Core Value:  Social Justice 

We work towards a society where all people are safe, able to meet their basic needs, and treated with dignity and consideration.  We are committed to social change with a focus on safety, equitable access, and respect. We believe in social justice and inclusivity, embracing all people and treating each of them fairly and equitably. 

Working towards Social Justice Locally in Tahoe

By Elizabeth Balmin and Ana Guerrero

Sierra Community House promotes social justice by providing vital resources like food, housing, and healthcare, ensuring everyone’s basic needs are met. Our advocacy goes beyond aid, encompassing educational workshops, advocacy campaigns, and partnerships aimed at challenging biases and fostering inclusivity. Through community engagement initiatives, we promote dialogue, understanding, and empowerment, amplifying marginalized voices and building solidarity.  

Social Justice to us means advocating on behalf those who have been marginalized, focusing on issues such as poverty, homelessness, discrimination, disempowerment, harassment, and other forms of injustice. Social Justice looks like providing information, help, and other resources to people seeking equity. It also means providing education to our entire community about the negative impact that discrimination has on individuals and in society.   

Advancing social justice means addressing injustice, including examining our own biases and encouraging others to do the same. We work to create more equitable support systems and identify structural conditions that contribute to disparities in the health and well-being of individuals and communities. In our work at Sierra Community House, we see a variety of community members seeking legal services from general landlord tenant rights to fleeing domestic violence.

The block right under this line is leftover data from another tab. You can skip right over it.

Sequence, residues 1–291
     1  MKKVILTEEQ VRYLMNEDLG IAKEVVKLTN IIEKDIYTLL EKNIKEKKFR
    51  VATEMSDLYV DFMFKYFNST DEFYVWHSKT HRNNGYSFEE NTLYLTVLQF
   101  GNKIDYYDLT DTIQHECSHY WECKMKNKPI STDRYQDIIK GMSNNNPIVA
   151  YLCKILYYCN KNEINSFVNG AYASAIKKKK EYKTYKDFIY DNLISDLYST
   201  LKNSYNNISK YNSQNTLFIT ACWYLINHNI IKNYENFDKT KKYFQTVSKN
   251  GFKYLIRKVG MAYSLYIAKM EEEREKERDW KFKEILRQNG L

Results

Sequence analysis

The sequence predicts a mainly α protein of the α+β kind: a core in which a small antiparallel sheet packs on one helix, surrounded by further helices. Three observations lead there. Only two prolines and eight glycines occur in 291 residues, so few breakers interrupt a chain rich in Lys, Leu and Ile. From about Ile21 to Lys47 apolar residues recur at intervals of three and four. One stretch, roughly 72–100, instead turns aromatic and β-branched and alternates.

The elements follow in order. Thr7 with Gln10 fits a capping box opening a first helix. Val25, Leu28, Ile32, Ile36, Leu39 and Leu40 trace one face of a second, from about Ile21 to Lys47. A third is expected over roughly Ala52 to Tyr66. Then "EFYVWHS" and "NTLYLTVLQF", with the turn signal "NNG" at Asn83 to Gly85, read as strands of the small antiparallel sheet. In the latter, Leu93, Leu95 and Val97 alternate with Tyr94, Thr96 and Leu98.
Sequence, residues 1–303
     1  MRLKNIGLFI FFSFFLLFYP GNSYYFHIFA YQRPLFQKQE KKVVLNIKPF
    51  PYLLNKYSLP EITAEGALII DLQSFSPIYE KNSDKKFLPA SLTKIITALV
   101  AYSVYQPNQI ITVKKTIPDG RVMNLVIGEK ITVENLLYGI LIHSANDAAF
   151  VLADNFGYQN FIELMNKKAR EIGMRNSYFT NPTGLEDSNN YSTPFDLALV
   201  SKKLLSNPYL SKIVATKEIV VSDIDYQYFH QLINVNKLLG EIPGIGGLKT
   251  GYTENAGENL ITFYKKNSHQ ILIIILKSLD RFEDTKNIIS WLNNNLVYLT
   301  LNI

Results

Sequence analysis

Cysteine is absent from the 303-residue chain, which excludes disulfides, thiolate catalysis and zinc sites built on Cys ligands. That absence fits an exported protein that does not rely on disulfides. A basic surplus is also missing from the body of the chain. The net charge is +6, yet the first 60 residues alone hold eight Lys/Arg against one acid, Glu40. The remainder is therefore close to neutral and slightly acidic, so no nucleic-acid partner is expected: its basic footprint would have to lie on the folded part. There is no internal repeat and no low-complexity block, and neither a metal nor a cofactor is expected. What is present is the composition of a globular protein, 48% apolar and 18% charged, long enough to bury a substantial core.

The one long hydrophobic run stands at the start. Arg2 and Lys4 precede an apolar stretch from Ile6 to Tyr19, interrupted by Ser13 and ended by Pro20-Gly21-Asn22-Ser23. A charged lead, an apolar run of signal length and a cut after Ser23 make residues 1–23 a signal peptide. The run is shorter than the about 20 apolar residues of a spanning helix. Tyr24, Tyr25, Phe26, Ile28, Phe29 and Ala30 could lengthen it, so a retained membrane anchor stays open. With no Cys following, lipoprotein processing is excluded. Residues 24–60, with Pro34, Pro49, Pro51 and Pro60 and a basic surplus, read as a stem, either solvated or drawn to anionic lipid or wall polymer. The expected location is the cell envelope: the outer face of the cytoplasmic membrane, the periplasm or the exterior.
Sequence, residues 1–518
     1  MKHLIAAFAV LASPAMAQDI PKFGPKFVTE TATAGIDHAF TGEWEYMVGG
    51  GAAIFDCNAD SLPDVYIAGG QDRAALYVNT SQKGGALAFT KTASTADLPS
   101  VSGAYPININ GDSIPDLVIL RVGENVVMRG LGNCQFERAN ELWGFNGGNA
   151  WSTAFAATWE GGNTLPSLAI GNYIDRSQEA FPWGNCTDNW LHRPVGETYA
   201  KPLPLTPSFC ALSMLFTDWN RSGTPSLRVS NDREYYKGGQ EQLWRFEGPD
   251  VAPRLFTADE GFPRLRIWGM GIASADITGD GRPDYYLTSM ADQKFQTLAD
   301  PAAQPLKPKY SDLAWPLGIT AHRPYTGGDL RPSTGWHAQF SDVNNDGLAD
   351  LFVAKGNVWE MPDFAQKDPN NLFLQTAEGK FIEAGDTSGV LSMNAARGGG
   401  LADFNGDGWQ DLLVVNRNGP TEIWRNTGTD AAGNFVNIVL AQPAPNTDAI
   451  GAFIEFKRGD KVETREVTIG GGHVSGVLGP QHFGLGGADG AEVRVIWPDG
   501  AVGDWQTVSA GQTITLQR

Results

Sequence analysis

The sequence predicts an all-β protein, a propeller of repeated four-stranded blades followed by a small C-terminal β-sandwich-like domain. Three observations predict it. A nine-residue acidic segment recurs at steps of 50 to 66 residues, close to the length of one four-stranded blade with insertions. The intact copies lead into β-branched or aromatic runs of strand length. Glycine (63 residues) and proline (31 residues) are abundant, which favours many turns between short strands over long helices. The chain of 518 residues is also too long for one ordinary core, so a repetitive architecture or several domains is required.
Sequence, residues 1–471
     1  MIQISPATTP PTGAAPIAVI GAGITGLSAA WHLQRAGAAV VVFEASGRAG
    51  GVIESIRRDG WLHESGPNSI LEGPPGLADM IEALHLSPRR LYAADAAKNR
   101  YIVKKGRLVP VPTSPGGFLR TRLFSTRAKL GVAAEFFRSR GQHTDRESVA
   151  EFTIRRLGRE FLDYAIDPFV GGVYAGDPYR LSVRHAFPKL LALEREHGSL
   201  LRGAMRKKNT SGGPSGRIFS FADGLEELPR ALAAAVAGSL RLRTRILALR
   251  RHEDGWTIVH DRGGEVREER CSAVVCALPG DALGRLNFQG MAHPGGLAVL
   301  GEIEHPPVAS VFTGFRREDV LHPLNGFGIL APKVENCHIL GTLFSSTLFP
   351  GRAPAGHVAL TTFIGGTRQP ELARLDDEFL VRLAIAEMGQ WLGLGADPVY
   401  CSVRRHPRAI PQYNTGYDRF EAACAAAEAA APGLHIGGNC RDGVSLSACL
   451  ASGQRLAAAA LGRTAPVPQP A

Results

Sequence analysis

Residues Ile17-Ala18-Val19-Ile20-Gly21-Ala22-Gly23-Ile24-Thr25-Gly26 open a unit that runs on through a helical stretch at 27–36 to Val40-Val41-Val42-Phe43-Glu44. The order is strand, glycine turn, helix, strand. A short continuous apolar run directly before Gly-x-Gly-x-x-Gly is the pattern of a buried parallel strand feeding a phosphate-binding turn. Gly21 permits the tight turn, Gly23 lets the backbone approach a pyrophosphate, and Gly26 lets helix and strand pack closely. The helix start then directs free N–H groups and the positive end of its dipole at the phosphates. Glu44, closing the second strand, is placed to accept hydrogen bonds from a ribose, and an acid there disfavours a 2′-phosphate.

After learning about our services at her school through our prevention program, a teen mom, Alice* came into our office one day seeking services on healthy relationships.  She had a newborn child and realized that her current relationship was abusive and controlling. She met with a Crisis Advocate, shared her current situation, and explored the possibility of a Protection Order, as she had realized that she was being stalked and harassed. The advocate welcomed her, provided her with her options, and allowed a safe space for her to share and decide on her next steps.  Once restraining orders were granted and Alice felt safe, she met a Sierra Community House Legal Advocate and started the process for custody, which she was granted. Not only did she receive services on the legal side for custody but also for civil legal matters such as employment rights and support with landlord-tenant matters.  We also connected her with other services in our agency through Family Support and Hunger Relief. All this assistance provided basic needs and empowered Alice to leave an abusive relationship to establish a safer home for her and her baby.  

Sierra Community House especially values culturally competent services and can provide services in Spanish by staff that are bilingual and bicultural. Cultural Competence interaction takes place in a way that recognizes, affirms, and values the worth of individuals, families and communities and protects the dignity of each. 

Thank you for supporting our work throughout the year—we couldn’t tackle these difficult issues without you. 

With gratitude, 

Elizabeth and Ana